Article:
In his recent post Are You Rational?, Seth Godin makes a broad argument that nobody is rational all the time (true enough): that some decisions fall squarely within the domain of rational methods (e.g., analyzing your Adwords click-thru rate) while other things are best approached irrationally: falling in love, appreciating music or wine, or generating ideas for new businesses and startups. He goes on to say that “irrational passion is the key change agent of our economy.” Simply put, he proposes that there are entire domains of human endeavor that are better managed with the “gut” — a common belief and arguably a staple of American culture itself.
A great professor once told me, “If a good essay is one that’s fun to argue with, yours is a great essay.” It’s in this spirit that I can’t resist offering a counterpoint to Godin. My argument: that passion and irrationality are two different things. Passion has place, but the time when it was OK to “go with your gut” is well behind us.
Godin asks us, “Were you rational when you fell in love? Did you do the math?” This expresses a common sentiment, but the logical conclusion is that if you don’t happen to know much about something, just assume there’s not much worth knowing about it. Accept whatever you hear other people say. Falling in love may seem irrational because much of the process is unconscious, but this doesn’t mean we should permit ourselves to throw our hands up in the air and say that science or rationality doesn’t have anything useful to contribute. It’s particularly interesting that Godin happened to use falling in love as an example, considering that research suggests our choice of mate is probably the single most important decision many of us will ever make. My own experience in the online dating industry has taught me, among other things, that we would all be happier if we DID do the math on mate value:
Even when it comes to something as “unquantifiable” as falling in love, everyone would be better off if they knew the following: psychologists and genetecists have shown that each of us is attracted to others possessing a specific set of genes, the major histocompatibility complex (MHC); and that mates with dissimilar genes are more attracted to each other, have more active sex lives, and produce healthier offspring. Though scientists have yet to fully understand how we detect these genes in a potential mate, smell appears to play a significant role. Now here’s the thing: hormonal contraceptives make women much more likely to choose mates with an incompatible set of genes. That is, hormonal contraceptives make women more likely to choose a mate whom she’ll be less attracted to in the long term and with whom she’s less likely to have healthier children.
This is a big deal. Clearly, doctors and educators should be advising women to consider avoiding hormonal contraceptives when choosing who to date. Why aren’t we all taught this? Because those who teach us about the birds and the bees believe that love is simply something to be felt and experienced rather than something to be understood. It’s a terrible irony that if we knew more about MHC, we’d actually be more passionate.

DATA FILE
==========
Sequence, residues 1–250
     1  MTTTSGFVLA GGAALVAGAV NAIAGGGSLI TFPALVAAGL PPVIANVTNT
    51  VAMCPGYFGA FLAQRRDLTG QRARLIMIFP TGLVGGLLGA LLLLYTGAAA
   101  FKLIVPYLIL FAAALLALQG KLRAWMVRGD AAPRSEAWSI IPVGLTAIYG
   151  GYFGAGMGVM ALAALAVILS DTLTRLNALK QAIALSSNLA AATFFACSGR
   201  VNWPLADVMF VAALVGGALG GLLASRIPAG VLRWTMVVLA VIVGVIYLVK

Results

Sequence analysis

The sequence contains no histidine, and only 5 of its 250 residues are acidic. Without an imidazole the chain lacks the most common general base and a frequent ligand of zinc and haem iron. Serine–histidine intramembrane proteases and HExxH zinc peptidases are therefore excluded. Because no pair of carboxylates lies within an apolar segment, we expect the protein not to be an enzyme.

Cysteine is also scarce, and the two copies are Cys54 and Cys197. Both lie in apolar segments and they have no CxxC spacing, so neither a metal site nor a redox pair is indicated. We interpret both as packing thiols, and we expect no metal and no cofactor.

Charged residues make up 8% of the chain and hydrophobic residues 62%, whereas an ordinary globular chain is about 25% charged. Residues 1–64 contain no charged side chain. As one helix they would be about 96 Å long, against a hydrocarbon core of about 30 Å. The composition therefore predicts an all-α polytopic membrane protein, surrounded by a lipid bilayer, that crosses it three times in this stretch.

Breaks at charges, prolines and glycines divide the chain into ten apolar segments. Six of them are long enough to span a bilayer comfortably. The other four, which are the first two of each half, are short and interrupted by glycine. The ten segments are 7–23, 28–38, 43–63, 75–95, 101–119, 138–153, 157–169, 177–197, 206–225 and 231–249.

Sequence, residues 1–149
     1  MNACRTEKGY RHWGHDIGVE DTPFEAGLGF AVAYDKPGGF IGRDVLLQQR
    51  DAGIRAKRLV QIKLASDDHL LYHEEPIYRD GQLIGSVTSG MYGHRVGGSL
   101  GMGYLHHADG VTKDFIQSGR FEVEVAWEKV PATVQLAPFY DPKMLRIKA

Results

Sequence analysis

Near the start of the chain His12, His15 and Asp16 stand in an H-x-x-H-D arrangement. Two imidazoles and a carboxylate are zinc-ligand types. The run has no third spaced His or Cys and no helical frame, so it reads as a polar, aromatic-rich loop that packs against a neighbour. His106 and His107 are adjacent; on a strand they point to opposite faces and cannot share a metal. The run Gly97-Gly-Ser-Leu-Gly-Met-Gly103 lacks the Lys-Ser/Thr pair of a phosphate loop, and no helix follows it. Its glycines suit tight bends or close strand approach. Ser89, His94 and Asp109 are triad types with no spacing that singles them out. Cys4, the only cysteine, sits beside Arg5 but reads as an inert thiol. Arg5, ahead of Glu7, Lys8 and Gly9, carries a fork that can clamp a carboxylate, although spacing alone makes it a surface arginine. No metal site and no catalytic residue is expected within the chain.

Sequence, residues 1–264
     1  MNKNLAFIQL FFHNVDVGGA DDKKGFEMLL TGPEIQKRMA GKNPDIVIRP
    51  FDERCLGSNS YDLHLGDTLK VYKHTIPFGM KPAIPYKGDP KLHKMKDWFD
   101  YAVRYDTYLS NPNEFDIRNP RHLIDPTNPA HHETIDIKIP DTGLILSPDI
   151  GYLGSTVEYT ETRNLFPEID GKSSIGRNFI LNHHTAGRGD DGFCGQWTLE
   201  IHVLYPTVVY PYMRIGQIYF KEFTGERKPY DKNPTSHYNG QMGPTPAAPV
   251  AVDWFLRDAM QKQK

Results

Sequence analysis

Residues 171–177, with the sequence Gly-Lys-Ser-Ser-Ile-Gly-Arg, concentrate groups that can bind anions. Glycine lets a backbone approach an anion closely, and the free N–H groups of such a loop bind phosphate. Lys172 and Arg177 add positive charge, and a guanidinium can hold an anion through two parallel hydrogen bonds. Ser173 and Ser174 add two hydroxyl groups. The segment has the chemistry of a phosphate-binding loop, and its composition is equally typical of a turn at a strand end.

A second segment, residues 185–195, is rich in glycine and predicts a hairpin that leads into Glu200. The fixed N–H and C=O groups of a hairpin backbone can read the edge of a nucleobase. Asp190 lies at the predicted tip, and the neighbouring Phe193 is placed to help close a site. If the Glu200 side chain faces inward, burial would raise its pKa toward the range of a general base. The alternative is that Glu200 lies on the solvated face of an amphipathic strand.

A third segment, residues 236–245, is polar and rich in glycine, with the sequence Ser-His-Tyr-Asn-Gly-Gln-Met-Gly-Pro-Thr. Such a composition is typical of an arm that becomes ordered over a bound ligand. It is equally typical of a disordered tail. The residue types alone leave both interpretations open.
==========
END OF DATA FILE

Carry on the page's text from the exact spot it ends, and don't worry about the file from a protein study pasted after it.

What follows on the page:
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Godin continues: “Faith and beauty and a desire to change things can’t be easily quantified, and we can’t live without them.” But it’s easy to determine how much information is worth, and social scientists and economists to a large extent make their living by figuring out how to measure things that aren’t easily or inexpensively measurable. We can measure almost anything and I would point to some excellent resources such as Douglas Hubbard’s How to Measure Anything: Finding the Value of “Intangibles” in Business or Eugene Webb’s Unobtrusive Measures to support that point.
This way of thinking — that some decisions best belong to the gut — is as pervasive in business as it is in personal matters. Which begs the question: Is there any times when we really should let irrationality prevail? Here’s a quick list:
- You have no actual influence over the outcome, such as when calling a coin toss.
- The stakes are small, and you know the stakes are small because you are well-read on the topic. See Freakonomics for examples of seemingly small-stakes decisions that have large impacts, such as naming your child.
- The situation is such that you’re “supposed to know” something immediately, and you believe your personal outcome will be maximized by “going with your gut.” (Just a tip: Managers, don’t put people in this situation.)
- The cost of acquiring additional information exceeds the stakes at hand. This situation is much rarer in business than is typically supposed. In the personal domain, cognitive misership (that is, we’re just lazy) probably accounts for much of our failure to learn about the games we play before we blindly lose our shirts (or fall in love with the wrong person.)
- There is insufficient time to acquire additional information. This situation is also much rarer in business than is typically claimed.
Godin concludes by saying, “The worst thing we can do is force one when we actually need the other.” And I have to completely agree — we almost always need to know if there’s something we don’t know.
And here we come full circle: Why did I write this response? Passion.
Thank you, Mr. Godin, for your all your observation and inspiration.